Montana will retain its insurers in the Affordable Care Act’s marketplace for next year’s health coverage enrollment, but what those insurers’ rates will look like is still unknown.
This week, the Centers for Medicare and Medicaid Services released a look at the companies expected to remain in health exchanges for 2018. The speckled map shows the number of insurers in the market dropping. People based where insurers are bare will have fewer options for coverage through the federally-run exchange.
In contrast, Montana’s three major carriers — Blue Cross Blue Shield of Montana, PacificSource, and the Montana Health Co-Op — intend to stay, according to the state auditor’s office.
“Some markets are unstable. People have over-interpreted that to mean all are,” said Bryce Ward, director of health-care research at the University of Montana. “It’s certainly not the case in Montana.”
Last year, 52,473 Montanans used the marketplace offered through President Obama’s health law to gain coverage.
Ward said nationwide, insurance companies are deciding whether they’ll re-enlist in a market with an unknown future. The Trump administration has not yet said whether it will continue to make payments for the health law’s subsidies, which insurers receive to help cover low-income Americans in the exchanges.
Ward said removing those payments would destabilize the market and cause premiums to leap.
MONTANA has struggled with double-digit premium rate increases two years in a row.
The deadline for Montana insurers to file rates with the auditor’s office was June 8.
Kyle Schmauch, a spokesperson for the Montana State Auditor’s Office, said it will be a few months before the public knows what those requests look like.
“We’re just starting to dig into them,” he said.
Schmauch said matching previous years’ timelines, he expects the requests to be open for public comment in July. He said rates should be finalized by August.
The average pre-subsidy premium in Montana’s exchange in 2017 has been $581 a month, according to healthinsurance.org. That’s compared to the national average of $476 a month. But the majority of the 2017 enrollees — 84 percent — are receiving premium subsidies. Those subsidies bring the average premium to $176 a month.
Last month, the National Association of Insurance Commissioners announced that the unclear future of funding for cost-sharing reduction subsidies alone could increase premiums by roughly 20 percent, “or even more.”
In a letter to the state’s Commissioner of Securities and Insurance, Sen. Jon Tester, D-Mont., said the Trump administration was acting “irresponsibly” by leaving the funding in doubt.
“In the absence of that commitment, insurers face enormous uncertainty that is directly impacting their 2018 premiums,” he wrote in the letter.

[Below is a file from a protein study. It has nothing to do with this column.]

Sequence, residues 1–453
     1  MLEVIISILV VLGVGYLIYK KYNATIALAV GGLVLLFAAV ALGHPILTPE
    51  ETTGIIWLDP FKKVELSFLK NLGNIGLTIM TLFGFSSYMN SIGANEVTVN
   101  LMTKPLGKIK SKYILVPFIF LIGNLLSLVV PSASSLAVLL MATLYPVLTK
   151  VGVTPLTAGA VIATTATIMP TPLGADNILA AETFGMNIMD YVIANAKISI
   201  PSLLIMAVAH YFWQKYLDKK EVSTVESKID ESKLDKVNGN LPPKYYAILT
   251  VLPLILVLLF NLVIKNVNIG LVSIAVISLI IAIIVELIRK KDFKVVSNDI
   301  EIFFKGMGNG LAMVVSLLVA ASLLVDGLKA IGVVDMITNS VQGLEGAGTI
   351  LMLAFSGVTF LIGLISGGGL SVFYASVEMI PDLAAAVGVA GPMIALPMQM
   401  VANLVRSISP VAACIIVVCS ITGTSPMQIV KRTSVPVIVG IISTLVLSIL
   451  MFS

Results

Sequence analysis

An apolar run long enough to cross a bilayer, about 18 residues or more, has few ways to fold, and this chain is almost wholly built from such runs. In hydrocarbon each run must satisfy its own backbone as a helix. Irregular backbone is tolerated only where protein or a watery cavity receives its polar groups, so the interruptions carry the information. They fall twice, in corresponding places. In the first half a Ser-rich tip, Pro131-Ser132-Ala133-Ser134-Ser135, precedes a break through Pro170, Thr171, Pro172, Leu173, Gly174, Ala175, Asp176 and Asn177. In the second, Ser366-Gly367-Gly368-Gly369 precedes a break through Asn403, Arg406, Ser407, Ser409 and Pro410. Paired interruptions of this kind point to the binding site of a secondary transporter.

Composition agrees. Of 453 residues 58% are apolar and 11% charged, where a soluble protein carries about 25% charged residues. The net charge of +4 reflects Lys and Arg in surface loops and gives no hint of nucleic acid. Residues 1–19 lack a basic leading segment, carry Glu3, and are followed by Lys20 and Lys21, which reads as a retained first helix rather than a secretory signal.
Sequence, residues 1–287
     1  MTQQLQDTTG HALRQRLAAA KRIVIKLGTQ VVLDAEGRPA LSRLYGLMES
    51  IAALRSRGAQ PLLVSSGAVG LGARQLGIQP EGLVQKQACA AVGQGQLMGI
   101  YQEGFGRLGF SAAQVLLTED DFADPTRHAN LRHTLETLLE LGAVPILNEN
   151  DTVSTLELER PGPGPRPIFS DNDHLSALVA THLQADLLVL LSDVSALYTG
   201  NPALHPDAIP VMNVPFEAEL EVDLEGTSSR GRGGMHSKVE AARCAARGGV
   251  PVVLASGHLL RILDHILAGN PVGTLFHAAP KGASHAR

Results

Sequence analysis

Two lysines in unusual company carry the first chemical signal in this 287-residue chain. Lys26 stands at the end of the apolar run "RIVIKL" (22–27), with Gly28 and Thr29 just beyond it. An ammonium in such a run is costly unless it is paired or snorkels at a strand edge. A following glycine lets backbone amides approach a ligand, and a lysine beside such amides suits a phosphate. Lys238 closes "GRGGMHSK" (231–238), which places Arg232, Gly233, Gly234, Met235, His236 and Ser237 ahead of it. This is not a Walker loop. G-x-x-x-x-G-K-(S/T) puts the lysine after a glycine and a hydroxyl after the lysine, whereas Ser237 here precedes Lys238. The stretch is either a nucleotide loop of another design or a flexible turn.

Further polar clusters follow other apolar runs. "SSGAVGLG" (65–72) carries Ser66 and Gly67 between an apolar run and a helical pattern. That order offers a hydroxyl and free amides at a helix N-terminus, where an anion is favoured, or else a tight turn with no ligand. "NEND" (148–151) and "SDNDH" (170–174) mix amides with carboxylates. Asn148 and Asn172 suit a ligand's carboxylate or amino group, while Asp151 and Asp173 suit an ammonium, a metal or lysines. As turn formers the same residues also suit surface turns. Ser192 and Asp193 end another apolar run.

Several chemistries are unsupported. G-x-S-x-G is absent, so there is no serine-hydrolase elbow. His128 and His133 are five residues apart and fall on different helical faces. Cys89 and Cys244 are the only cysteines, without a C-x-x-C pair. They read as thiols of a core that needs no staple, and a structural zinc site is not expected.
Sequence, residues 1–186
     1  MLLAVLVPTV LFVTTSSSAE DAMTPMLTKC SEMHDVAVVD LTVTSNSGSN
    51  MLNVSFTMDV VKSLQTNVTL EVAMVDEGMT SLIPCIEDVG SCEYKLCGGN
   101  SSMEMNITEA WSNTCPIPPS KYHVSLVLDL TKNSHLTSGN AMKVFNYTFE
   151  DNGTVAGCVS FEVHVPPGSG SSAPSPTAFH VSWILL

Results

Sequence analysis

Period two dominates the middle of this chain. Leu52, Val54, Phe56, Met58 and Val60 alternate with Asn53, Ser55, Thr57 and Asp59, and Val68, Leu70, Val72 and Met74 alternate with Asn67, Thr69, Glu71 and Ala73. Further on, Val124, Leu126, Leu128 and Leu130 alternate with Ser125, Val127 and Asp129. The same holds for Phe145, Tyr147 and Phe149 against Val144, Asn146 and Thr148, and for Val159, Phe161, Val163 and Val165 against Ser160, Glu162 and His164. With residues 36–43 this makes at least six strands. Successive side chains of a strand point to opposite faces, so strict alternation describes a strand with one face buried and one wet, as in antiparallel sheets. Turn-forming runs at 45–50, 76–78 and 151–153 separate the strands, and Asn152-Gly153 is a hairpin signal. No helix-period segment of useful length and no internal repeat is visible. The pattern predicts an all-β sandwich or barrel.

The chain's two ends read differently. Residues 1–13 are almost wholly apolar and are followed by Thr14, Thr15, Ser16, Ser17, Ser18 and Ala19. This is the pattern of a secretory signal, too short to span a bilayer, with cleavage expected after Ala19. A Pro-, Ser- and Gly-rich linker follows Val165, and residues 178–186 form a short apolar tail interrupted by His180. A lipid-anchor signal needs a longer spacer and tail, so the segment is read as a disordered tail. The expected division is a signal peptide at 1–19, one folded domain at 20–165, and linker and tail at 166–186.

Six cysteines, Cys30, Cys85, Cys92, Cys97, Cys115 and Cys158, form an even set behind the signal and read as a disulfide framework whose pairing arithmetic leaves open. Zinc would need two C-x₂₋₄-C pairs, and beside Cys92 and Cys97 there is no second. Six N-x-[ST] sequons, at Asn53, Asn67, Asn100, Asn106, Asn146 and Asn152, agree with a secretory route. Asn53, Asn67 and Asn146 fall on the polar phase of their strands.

In his written response to Tester, Rosendale said on Wednesday that he agreed the funding is vital for a stable market.
“The American health care system faced many serious challenges long before the ACA was passed, and Obamacare was riddled with so many critical flaws that it has created a whole new set of severe consequences for Montanans,” Rosendale said.
WHEN House Republicans narrowly passed their bill in May to replace the Affordable Care Act, they said that insurance markets were already failing. Many pointed to Iowa, where the last major insurer under the health law was threatening to pull out.
At the time, House Republican whip, Rep. Steve Scalise of Louisiana, told the New York Times there may be “nobody to write insurance for people that are in the Obamacare exchanges” in 94 of Iowa’s 99 counties.
The CMS map released this week will most likely change as issuers continue to make announcements on exiting or entering specific states and counties.
As is, the map shows that nationwide at least 35,000 active exchange participants will be without coverage on the exchanges for 2018. CMS also projected that roughly 40 percent of counties nationwide could have only one issuer in 2018.
CMS Administrator Seema Verma said the national image represents “another failing report card for the exchanges.”
As insurers continue to announce whether they intend to remain on the market, U.S. Senate Republicans are shaping their own version of health reform for the nation.
The office for Sen. Steve Daines, R-Mont., said he was unavailable for an interview. But in a video statement on Wednesday, the Republican senator said there’s “nothing affordable about Obamacare.”
“We need to replace Obamacare with a patient-centered health-care solution that is a real Montana-based solution,” Daines said. He did not describe steps to take for that solution.
Ward, with the University of Montana, said as 13 senators are drafting the bill in closed-door meetings, there’s still not a lot known about its possible impact — on insurance carriers or consumers.
“What [insurers] are asking right now is, ‘Can I get people to enroll at rates I need to charge in order for it to be stable?’” Ward said.
For some pockets throughout the nation, the answer has been no.
“Montana is not yet one of those places,” Ward said.
Reporter Katheryn Houghton may be reached at 758-4436 or by email at email@example.com.